Canadian Manufacturing

Thousands of old Alberta oil wells that fail standards raise fears

Alberta Energy Regulator acknowledges 37,000 inactive wells in province don't meet minimum safety standards



EDMONTON—New research is raising concern about tens of thousands of dormant Alberta oil wells that don’t meet even minimum safety standards.

The Alberta Energy Regulator (AER) has launched a program that it says will result in all wells meeting those minimums within five years.

But critics say those standards amount to little more than a locked gate and a few signs.

They want firm timelines to force companies to clean up old well sites—some of which have been sitting unused for decades—before the liability winds up with taxpayers.

“Unless timely action is taken to ensure that oil companies deal with their liabilities while they still have the financial capability to do so, the reality will be that either the taxpayer is going to be on the hook or the landowner will be stuck with the problem,” said Keith Wilson, a lawyer who has represented hundreds of landowners against the energy industry.

Since 2007, inactive wells in Alberta must be fenced, locked, signed and tested to ensure they don’t leak.

For most “suspended” wells, no cleanup is required.

But in the report, Barry Robinson of the environmental law group Ecojustice points to recent figures from the regulator that acknowledge 37,000 inactive wells in Alberta don’t meet those minimum standards.

Of those, at least 3,300 also have wellbore integrity problems.

Alberta has 80,000 inactive wells in total, a number that is increasing as the pace of abandonment outstrips that of reclamation.

Worse, said Robinson, regulations designed to allow operators to bring wells into and out of production as markets require are being used to mothball wells for years and even decades without having to spend the money to clean them up.

“They can keep the well inactive as long as they want. The longer a well sits inactive the more the likelihood that you could have some sort of wellbore issue,” he said.

“Some of these wells have sat for 15 or 20 years.”

Besides the environmental risk, the suspended wells are also a risk for landowners.

“The banks want protection that you’re not going to get nailed with a million-dollar cleanup when you buy a property,” said Don Bester of the Alberta Surface Rights Association, which advocates for landowners. “Same as the seller—he has to do an environmental assessment to provide to the buyer.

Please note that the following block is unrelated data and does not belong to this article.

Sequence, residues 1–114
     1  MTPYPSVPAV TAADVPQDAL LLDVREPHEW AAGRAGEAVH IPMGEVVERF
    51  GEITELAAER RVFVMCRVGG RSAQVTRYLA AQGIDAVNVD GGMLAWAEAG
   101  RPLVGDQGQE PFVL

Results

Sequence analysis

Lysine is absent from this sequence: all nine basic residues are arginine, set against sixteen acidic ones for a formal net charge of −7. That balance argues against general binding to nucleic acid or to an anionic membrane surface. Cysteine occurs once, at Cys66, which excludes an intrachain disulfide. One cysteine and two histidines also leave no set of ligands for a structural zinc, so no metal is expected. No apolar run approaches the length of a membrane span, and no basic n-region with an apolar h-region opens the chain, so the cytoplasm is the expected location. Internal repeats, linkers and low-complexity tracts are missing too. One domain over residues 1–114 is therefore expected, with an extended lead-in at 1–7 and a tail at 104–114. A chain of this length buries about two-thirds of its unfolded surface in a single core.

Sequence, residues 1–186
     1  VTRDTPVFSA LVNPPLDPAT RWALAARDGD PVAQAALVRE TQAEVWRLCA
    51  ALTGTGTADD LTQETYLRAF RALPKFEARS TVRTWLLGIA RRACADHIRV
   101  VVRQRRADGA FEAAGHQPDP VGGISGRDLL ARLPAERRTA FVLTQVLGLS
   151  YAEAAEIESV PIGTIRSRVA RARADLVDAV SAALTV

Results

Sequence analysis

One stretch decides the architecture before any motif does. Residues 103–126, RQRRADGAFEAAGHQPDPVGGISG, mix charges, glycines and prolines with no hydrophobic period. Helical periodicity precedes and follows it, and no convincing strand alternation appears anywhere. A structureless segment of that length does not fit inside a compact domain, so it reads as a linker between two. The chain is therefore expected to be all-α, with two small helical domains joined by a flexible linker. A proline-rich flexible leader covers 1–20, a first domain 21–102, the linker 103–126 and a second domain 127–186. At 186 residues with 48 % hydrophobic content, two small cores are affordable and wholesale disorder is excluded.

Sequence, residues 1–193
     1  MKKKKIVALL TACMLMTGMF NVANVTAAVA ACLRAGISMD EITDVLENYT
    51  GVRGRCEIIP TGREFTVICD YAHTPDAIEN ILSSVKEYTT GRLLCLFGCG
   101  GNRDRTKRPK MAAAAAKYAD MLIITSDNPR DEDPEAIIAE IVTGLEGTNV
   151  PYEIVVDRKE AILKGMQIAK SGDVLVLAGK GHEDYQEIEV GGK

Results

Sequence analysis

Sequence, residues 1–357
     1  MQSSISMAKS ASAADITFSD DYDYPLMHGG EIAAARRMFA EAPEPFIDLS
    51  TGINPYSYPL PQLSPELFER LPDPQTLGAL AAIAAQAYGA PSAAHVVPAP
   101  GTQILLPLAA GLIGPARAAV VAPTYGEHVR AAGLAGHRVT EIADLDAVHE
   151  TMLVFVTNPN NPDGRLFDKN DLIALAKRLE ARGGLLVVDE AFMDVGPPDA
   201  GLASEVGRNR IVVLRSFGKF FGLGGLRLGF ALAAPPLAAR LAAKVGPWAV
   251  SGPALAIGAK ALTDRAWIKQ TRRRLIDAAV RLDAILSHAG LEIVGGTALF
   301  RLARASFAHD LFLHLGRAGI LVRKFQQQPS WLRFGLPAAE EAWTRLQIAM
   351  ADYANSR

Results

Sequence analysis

“If I’ve got a contaminated site on my place, where do you think the buyers are going to run to? Completely away.”

Under the regulator’s new program, operators have to bring at least 20 per cent of their non-compliant wells up to snuff annually.

Many of those wells are non-compliant because the operator hasn’t done the paperwork, said David Hardie, the regulator’s senior adviser on closure and liabilities.

“The well might be just fine,” he said, “(it’s) just that the company hasn’t reported it to us.”

The program is to be strongly enforced by inspectors in the field.

But it won’t move wells along from suspended to abandoned to fully reclaimed.

“It’s not within the AER’s regulatory authority to create timelines for that,” said Anita Lewis, also a closure and liabilities adviser. “That actually falls under government policy perspective.”

Alberta Environment spokesperson Jason Maloney said the government will consider such timelines as part of policy reviews planned in 2015.

“We’re working with stakeholders,” he said. “That will be explored.”

Discussions will include industry, non-governmental groups, academics, First Nations and municipalities, he said.

Other jurisdictions force operators to clean up a well after a certain period of inactivity, said Robinson.

In Colorado, a well can only be suspended for a maximum of six months.

After that, an operator must explain why an extension is necessary.

Unless special circumstances apply, a well must be fully remediated with 18 months after becoming inactive.

Colorado’s ratio of active to inactive wells is 18 to one.

In Alberta, the ratio is three to one.

“That seems to be a process that works in some jurisdictions,” Robinson said.

Wilson said Alberta’s current rules only postpone the inevitable—perhaps until it’s too late.

“You have to clean these wells up while the cash is available in the oil companies to do so,” he said. “If they pay out all of their value in dividends and disposing of assets to shareholders without first cleaning up their liabilities, then who’s going to be left to deal with the liability?”

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